Unique research carried out at the Science and Technology Facilities Council's (STFC) Daresbury Laboratory in Cheshire is set to trigger a new era in research into cancer diagnosis and our understanding of how living things function.
Scientists from the University of Liverpool are linking up to Europe's most intense terahertz light source at Daresbury's ALICE accelerator, with its state-of-the-art tissue culture centre and beamline to understand the effects of terahertz (THz) rays on human cells. This improved understanding of human cells could eventually lead to significant advances in human development and the understanding of diseases, including melanomas and esophageal cancer.
THz rays lie between microwaves and infrared light in the electromagnetic spectrum. THz light already has proven applications in both security devices and medical imaging and is already being used to detect hidden explosives, concealed weapons and drugs. Unlike traditional X-rays, terahertz radiation is considered intrinsically safe, in that it is non-destructive and non-invasive to human cells. However, scientists do not yet know what the safe upper limits for human exposure to this radiation are. A deeper understanding of THz rays' impact on living tissue will enable a new generation of medical and security imaging devices to be developed and used safely.
Professor Weightman, Principal Investigator from the University of Liverpool explained: "Like radio waves and visible light, THz rays are not expected to damage tissue like X-rays do. Our preliminary research at STFC Daresbury Laboratory has indicated that at low powers human cells appear to be unaffected by THz rays. However, the research carried out in this unique facility is the only way of establishing the safe limits of human exposure to THz radiation at high powers and what effect repeated low level exposure may or may not have on our bodies.
"The work will give us invaluable insight into the mechanisms of biological organisation and enable us to test a controversial theory of the mechanism by which biological systems organise themselves. This improved understanding of human cells could lead to significant advances in the diagnosis of diseases such as melanomas and esophageal cancer. Low power THz instruments are already used to analyze tissue removed in surgery because cancerous and healthy tissue respond differently to THz radiation. The research on ALICE will enable us to greatly improve these procedures and eventually lead to the development of improved low cost instruments for cancer diagnosis, although it is expected to be several years before these developments are realised. "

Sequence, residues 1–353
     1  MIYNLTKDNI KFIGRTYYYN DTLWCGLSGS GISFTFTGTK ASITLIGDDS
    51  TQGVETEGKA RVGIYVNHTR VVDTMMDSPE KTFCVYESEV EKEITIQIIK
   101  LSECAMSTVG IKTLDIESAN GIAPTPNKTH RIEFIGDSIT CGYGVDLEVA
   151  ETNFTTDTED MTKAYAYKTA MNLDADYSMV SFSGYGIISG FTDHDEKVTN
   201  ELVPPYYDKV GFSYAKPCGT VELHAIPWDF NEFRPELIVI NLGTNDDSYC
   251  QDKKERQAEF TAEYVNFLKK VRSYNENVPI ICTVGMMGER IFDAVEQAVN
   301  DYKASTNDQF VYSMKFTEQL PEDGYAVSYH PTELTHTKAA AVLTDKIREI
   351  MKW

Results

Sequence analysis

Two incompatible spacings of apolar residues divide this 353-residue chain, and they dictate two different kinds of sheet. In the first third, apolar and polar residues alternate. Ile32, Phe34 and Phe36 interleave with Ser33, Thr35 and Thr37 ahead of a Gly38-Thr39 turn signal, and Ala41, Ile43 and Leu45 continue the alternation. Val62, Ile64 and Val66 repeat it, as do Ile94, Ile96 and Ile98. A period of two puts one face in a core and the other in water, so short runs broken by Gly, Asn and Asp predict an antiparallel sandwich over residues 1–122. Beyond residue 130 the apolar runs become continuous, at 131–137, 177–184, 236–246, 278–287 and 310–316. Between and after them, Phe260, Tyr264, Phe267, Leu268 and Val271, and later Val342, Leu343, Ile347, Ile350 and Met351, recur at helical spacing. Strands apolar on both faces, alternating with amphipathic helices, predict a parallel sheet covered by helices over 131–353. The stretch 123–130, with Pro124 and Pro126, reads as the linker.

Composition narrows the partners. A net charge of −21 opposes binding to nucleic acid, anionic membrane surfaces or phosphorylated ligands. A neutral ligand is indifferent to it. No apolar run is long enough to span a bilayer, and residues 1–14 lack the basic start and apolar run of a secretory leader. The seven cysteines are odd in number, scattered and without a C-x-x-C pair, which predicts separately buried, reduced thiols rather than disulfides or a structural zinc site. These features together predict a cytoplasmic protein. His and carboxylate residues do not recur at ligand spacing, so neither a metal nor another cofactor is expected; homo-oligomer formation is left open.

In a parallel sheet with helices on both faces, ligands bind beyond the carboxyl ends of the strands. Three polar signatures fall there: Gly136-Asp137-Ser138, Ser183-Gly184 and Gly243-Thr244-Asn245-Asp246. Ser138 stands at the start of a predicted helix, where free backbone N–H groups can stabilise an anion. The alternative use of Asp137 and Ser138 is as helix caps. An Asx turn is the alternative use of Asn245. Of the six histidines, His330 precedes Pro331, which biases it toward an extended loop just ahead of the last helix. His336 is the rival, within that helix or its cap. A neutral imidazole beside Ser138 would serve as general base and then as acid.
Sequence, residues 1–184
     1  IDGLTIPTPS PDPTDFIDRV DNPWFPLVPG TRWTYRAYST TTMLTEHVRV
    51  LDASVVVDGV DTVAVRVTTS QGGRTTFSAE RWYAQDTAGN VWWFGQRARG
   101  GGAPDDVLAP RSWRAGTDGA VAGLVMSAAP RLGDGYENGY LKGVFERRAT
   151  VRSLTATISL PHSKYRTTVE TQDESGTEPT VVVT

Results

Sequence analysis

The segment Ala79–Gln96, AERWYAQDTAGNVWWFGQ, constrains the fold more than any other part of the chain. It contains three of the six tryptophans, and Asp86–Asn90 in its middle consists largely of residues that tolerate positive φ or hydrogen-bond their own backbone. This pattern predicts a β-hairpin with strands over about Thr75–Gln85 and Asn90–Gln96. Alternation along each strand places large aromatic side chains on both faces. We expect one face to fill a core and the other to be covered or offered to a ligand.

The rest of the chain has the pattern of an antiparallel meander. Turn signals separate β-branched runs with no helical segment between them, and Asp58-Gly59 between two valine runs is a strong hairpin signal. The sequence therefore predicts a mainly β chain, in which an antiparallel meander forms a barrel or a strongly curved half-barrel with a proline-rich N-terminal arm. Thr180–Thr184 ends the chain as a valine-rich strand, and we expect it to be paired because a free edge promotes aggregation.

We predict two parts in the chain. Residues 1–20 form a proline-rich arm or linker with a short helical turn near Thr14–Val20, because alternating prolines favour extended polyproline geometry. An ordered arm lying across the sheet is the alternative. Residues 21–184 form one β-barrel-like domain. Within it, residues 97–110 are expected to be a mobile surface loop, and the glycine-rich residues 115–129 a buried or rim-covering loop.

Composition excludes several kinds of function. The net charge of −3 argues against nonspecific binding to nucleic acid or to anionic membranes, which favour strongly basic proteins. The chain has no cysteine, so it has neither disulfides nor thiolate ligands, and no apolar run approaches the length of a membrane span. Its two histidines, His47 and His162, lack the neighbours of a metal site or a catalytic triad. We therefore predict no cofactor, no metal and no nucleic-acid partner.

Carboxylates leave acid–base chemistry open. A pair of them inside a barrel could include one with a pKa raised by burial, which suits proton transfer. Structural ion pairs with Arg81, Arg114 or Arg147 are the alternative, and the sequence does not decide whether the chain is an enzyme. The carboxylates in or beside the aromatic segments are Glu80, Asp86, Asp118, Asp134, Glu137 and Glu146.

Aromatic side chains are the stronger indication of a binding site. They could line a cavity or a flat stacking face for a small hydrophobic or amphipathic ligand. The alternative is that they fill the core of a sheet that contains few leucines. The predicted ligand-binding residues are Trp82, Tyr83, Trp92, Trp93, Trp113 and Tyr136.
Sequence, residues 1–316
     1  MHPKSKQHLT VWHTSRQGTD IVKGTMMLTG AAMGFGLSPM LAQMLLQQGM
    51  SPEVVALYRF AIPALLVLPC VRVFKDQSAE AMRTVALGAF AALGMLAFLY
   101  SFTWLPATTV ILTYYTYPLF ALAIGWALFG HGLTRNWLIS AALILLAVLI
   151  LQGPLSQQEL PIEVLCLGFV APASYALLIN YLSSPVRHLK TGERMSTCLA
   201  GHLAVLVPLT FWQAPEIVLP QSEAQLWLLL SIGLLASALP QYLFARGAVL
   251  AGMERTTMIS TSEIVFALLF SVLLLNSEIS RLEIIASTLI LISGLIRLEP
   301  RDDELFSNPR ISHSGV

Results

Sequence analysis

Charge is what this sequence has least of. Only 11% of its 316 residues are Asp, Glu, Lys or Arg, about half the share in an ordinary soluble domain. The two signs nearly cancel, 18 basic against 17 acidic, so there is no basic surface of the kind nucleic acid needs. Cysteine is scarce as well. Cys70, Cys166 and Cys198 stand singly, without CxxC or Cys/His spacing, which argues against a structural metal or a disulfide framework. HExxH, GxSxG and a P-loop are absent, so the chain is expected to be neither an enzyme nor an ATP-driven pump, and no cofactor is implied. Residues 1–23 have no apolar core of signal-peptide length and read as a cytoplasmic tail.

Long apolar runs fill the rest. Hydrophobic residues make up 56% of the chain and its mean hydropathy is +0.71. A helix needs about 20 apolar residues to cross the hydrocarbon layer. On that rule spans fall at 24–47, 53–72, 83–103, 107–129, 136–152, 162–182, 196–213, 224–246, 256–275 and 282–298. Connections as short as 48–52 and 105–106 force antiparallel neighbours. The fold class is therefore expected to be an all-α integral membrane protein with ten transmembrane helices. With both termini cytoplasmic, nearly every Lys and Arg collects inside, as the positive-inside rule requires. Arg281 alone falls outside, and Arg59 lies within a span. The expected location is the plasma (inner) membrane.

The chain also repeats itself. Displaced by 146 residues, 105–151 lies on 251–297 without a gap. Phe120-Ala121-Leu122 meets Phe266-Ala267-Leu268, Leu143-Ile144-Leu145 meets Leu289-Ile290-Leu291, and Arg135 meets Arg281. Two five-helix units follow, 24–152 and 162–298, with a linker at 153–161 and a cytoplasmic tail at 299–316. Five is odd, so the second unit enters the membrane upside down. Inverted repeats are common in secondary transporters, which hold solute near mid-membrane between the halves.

Dr Mark Surman, a research scientist at STFC Daresbury Laboratory added: "With ALICE we have an opportunity to irradiate living cells in a way that has never been done before, combining a high power source with a tissue culture facility. During Professor Weightman's research we expect to see about 70 kW of peak power in short pulses repeated tens of thousands of times every second. This means that the peak power will be thousands of times higher than other laboratory sources. Until now, ultra-high THz power sources have not been available to carry out this kind of research, so it is a major step forward that these trials on tiny samples of human tissue can now be carried out at ALICE."
ALICE is an R&D prototype for the next generation of accelerator-based light sources, and is based upon an unusual mode of operation for accelerators, known as energy recovery, where the energy used to create its high energy beam is captured and re-used after each circuit of the accelerator for further acceleration of fresh particles. This mode minimises the power needed to accelerate the beams, which at maximum level would otherwise require a small power station to operate. ALICE is the first accelerator in Europe to operate in this way.
ALICE accelerates to 26 million electron volts. Electrons are sent round the accelerator at 99.99% of the speed of light and 99.9% of the power at the final accelerator stage is recovered, making the power sources for the acceleration drastically smaller and cheaper and therefore economically viable.
The work is being carried out with funding from the Northwest Regional Development Agency and the Engineering and Physical Sciences Research Council (EPSRC).
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